We present the case of a young gentleman with diagnoses of bipolar affective disorder, high body mass index, and obstructive sleep apnoea. He was commenced on zuclopenthixol due to an inadequate response to quetiapine, but this swiftly led to marked physical health deterioration including shortness of breath, back pain, tachycardia, tachypnoea, and hypoxia. He was urgently transferred to hospital where he required intubation and intensive care admission. AFTER excluding other causes, it was felt that commencing zuclopenthixol had induced laryngo-pharyngeal dystonia leading to upper airway compromise and severely impaired respiratory function. He progressively recovered after zuclopenthixol was stopped, and he was transferred back to the psychiatric hospital after eight days. THIS case highlights the potential challenges in diagnosing this rare but potentially fatal reaction to antipsychotics. We review the available literature on other cases including a potential interaction between typical antipsychotics and serotonin-specific reuptake inhibitors. Psychiatrists and emergency physicians should be aware of this condition and be alert in considering the administration of anticholinergics, which could be a simple yet life-saving intervention.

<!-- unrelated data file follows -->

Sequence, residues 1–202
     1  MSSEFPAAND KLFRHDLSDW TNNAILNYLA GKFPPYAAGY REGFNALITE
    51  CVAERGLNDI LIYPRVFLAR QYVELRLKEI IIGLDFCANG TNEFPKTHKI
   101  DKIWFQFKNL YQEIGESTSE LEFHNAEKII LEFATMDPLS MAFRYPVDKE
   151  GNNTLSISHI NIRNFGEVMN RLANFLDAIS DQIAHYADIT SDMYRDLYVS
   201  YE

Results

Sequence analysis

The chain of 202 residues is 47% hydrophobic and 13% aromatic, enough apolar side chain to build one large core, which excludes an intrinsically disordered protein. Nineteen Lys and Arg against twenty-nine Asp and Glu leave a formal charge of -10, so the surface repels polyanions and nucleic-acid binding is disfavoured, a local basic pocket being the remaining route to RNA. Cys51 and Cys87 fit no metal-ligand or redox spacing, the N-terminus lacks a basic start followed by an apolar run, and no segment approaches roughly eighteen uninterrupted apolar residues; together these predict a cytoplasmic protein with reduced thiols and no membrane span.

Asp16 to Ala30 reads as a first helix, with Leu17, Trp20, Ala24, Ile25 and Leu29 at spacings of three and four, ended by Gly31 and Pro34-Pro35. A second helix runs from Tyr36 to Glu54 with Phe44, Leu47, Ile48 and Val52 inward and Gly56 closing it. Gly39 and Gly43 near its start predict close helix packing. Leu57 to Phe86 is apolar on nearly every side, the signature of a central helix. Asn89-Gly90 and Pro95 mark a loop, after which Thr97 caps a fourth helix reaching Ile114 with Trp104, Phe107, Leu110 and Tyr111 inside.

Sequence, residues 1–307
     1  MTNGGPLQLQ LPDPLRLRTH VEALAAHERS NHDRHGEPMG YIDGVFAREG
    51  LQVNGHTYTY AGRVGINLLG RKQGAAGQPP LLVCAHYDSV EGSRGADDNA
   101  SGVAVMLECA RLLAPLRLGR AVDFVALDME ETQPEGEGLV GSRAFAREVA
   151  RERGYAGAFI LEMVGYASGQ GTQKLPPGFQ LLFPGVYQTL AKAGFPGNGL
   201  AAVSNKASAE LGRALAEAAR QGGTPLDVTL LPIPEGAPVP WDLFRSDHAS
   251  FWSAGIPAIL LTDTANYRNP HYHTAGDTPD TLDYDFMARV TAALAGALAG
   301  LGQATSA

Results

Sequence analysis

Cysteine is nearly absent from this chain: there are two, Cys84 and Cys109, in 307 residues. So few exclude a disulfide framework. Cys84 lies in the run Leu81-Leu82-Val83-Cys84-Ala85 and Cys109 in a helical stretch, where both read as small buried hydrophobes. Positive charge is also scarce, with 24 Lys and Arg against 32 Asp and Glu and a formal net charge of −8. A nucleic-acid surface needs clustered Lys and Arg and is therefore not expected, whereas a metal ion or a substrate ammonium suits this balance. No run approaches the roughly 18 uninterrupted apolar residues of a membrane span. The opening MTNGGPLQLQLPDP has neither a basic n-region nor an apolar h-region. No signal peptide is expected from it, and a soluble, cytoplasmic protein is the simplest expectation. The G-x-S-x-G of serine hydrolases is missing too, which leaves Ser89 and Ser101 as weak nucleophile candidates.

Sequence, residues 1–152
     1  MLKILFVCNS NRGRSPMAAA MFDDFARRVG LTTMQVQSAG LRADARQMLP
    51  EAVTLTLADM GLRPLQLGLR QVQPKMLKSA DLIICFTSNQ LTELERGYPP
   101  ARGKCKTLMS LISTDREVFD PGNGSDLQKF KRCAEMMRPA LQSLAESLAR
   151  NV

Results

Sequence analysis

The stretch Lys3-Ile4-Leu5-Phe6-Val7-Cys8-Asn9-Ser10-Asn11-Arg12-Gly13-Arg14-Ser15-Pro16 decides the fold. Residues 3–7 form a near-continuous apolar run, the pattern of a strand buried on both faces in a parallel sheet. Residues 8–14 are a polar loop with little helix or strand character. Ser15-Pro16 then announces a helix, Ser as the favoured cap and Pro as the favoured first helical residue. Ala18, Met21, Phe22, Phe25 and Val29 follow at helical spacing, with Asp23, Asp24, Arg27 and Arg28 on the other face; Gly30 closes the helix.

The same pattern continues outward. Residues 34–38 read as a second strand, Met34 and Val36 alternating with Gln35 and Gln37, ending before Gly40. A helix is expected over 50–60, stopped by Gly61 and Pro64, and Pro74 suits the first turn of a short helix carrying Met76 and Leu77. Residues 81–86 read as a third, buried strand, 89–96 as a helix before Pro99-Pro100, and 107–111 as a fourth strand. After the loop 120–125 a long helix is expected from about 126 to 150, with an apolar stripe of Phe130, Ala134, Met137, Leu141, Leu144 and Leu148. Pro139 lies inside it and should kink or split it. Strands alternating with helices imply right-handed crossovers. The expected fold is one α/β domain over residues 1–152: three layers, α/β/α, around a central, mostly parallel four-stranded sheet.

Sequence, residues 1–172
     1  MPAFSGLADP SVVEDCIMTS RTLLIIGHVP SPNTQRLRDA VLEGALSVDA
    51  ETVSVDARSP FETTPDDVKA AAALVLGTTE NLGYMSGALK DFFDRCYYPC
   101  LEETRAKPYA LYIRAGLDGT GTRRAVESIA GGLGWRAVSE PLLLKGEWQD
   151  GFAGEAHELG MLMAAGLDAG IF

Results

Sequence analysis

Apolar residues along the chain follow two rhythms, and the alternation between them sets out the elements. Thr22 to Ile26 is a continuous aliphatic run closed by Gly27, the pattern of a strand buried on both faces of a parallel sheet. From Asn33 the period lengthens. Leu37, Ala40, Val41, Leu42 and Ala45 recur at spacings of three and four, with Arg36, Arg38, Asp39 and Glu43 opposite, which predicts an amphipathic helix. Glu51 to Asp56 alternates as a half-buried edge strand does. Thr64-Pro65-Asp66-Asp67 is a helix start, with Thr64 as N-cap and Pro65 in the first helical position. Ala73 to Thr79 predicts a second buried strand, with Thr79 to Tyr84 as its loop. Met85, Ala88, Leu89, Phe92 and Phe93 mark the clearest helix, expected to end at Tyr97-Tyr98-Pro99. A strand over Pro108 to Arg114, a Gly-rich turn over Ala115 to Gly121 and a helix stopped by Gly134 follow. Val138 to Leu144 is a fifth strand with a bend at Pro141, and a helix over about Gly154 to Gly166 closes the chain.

Keywords: bipolar; haloperidol; pharyngeal; sertraline; side-effect; zuclopenthixol.
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